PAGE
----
Threatened ecosystems and habitats of threatened animals being cleared or ear-marked for clearing for open cut coal mining in various areas of Australia.
There are also concerns that the extra burning of fossil fuels will add substantially to climate change, especially the giant Adani mine planned for Queensland.
Finally there are concerns about pollution to fresh-water and marine areas from run-off from mines (especially during floods) and elevated risk of oil spills and other environmental hazards due to an increase in transport shipping.
There is currently much protest against the proposed Adani Mine, which will not only clear important habitats, but potentially threaten the Great BarrierReef with run-offie flood times and add to the processes causing climate change.
See (external links):
- http://bimblebox.org/ – substantial clearing of habitat
Fracking of coal seam gas
One of the worrying aspects is the rush with which CSG exploration has been spreading throughout Australia without a similar rush into research on its potential environmental impacts.It is becoming increasingly urgent to find more information about this, as the industry seems about to explode. Some economists have questioned whether it is even a good financial decision to try and dig up and sell so much of our resources so rapidly.
Coal seam gas has been touted as environmentally friendly and contributing less to greenhouse gases than energy from conventional coal, but this would depend on nothing going wrong (see for instance http://www.nature.com/news/air-sampling-reveals-high-emissions-from-gas-field-1.9982). There are many things that could go seriously wrong.Once they do so the problems could be very difficult or impossible to reverse, and there are many grave concerns about this practice throughout the world.
Farmers throughout Australia(and elsewhere) are concerned about potential loss of livelihood and lifestyle, and tourism accommodations such as rural B&Bs and farm-stays are alarmed at the prospect of loss of tranquility and beautiful scenery that people their guests come for . Some owners of very large properties have said they do not mind the drilling, the intrusion onto smaller properties having more noticeable impact, but even on large spreads, the potential for water loss and pollution is a concern. Some farmers in fracking districts have found it virtually impossible to remain on their lands after extraction has begun, but also impossible to sell it. (see references below).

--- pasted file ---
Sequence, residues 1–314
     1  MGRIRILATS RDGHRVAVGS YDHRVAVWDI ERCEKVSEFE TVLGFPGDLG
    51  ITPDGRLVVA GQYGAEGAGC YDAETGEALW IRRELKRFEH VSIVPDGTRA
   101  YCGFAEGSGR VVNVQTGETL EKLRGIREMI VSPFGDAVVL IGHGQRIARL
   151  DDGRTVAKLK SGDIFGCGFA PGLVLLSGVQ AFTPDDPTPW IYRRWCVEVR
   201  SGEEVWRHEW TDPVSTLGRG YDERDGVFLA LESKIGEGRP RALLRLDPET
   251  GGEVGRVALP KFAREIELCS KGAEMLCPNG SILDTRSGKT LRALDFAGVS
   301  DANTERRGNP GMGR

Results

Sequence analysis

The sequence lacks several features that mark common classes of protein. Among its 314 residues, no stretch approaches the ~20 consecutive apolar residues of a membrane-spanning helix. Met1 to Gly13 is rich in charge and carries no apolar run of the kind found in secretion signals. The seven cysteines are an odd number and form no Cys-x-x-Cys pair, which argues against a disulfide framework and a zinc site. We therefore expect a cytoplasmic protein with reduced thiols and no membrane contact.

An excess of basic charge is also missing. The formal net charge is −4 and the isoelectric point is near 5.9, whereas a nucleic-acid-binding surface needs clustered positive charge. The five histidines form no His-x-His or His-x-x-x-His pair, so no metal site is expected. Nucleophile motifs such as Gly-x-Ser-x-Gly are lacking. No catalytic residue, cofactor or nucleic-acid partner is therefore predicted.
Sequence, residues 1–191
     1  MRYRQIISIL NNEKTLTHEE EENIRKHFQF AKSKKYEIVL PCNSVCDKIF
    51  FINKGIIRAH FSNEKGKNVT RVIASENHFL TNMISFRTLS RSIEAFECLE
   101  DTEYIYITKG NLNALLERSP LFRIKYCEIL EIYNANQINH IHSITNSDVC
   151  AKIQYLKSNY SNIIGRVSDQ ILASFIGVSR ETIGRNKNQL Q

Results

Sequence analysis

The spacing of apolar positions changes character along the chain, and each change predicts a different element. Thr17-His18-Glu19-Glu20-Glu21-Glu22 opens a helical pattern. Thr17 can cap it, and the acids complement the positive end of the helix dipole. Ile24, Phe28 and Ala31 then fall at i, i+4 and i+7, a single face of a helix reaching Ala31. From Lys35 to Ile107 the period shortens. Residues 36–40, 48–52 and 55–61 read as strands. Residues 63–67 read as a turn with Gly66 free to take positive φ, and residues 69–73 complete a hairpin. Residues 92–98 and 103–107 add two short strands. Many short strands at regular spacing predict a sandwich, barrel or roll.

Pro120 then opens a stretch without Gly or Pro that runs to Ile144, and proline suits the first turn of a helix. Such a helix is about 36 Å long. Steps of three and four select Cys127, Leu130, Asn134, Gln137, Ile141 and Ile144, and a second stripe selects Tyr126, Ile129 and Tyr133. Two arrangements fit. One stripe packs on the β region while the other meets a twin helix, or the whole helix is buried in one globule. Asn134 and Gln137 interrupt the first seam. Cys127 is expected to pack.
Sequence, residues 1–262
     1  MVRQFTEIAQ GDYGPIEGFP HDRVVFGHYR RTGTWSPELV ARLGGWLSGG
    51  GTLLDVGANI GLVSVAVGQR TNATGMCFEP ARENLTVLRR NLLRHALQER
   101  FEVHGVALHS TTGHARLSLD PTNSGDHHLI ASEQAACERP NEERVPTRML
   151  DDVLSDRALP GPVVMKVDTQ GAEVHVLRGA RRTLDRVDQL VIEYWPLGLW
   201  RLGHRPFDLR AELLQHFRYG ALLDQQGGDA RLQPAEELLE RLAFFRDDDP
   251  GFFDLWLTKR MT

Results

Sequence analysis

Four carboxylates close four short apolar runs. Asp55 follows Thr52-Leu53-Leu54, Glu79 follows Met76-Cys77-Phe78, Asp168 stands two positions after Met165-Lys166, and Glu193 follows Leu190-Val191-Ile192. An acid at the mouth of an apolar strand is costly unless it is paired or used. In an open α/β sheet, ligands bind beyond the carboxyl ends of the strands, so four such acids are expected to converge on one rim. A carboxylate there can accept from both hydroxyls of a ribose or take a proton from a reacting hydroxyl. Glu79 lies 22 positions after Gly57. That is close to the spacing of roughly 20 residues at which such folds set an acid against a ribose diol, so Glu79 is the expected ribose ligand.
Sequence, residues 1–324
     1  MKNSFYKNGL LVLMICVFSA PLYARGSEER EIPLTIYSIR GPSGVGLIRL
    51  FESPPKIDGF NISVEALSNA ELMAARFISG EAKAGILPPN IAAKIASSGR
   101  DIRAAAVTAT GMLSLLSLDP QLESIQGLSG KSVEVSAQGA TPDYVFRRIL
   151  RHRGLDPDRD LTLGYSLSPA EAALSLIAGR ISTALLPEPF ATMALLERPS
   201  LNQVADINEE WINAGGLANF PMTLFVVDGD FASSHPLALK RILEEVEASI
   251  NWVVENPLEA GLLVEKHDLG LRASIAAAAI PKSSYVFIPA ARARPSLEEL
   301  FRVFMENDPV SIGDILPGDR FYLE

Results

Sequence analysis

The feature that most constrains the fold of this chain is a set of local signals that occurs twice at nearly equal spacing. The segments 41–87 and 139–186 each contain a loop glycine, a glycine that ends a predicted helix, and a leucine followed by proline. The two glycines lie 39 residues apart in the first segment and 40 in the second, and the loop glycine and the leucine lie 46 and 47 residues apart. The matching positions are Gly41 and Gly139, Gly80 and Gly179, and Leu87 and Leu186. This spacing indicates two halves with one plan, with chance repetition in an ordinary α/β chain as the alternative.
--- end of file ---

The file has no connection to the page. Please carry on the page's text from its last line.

Wildlife can be impacted by habitat loss, direct death during construction, water loss and water pollution. The loss of wildlife in any local area would be a problem both for tourism and for biodiversity conservation generally.
Direct habitat clearing and fragmentation. Vulnerable regional ecosystems and habitats for threatened species are being cleared or plans are being made for much more (e.g. in the Brigalow Belt and the Pilliga). A 145km stretch of land 30m wide is to be cleared between Casino in northern New South Wales and Ipswich in southern Queensland. Strong-flying birds will be able to cross over , and so eventually will wallabies and kangaroos, but small ground-swelling mammals, reptiles, frogs and weak-flying birds could find it a significant barrier to movement when seeking food, new territories and mates, and limit genetic diversity. I am unclear on to what degree the cleared land would be restored to former habitat after the pipeline is covered (but centuries-old trees are hard to replace, and with any kind of habitat we can’t tell the animals to wait months, years or decades before they can again find food or shelter).
- Where these pipelines are being constructed in other regions, thousands of animals have fallen in the trenches. Thousands have been rescued, and these have been reported in the press: I have not been able to find reports of numbers that have perished. It would seem simple enough for workers to erect temporary wildlife-proof fences while construction is happening, but apparently this hasn’t been done.
- Fracking (the proposed extraction of coal seam gas) uses enormous quantities of water. Right now Australia is well-watered, but the ten-year drought is still vivid in the memories of all rural dwellers, and even the city dwellers who had severe restrictions placed on watering their gardens and washing their cars. Australia is the driest continent on earth other than Antarctica, and also has the world’s most unpredictable rainfall. Many of us are alarmed at the thought of an industry which takes so much of our water from farmland and native vegetation (and wildlife). Over-use of water in an upstream region has the potential to seriously impact the supply many kilometres downstream, especially during drought years.
- Pollution of our underground water and water catchments is a grave concern for wildlife, livestock and the human population. Although we are told the frackers will be using ‘World’s best practice’ and following strict safeguards and regulations, this does not guarantee there will be no accidents. There are many safeguards in place with oil tankers, traffic on our roads and nuclear reactors, but things do go wrong. Once the contaminants are in the water, it will be no easier to get them out and make the water safe again than what it has been to clean up oil spills and radiation leaks. Already Santos has been responsible for 10, 000 litres of saline coal seam gas water leaking into a conservation area, killing trees and ground vegetation, then trying to cover up the event for several months. Read more: http://www.smh.com.au/environment/stink-over-coal-seam-leak-20120113-1pzdx.html#ixzz1jQAkMYO8.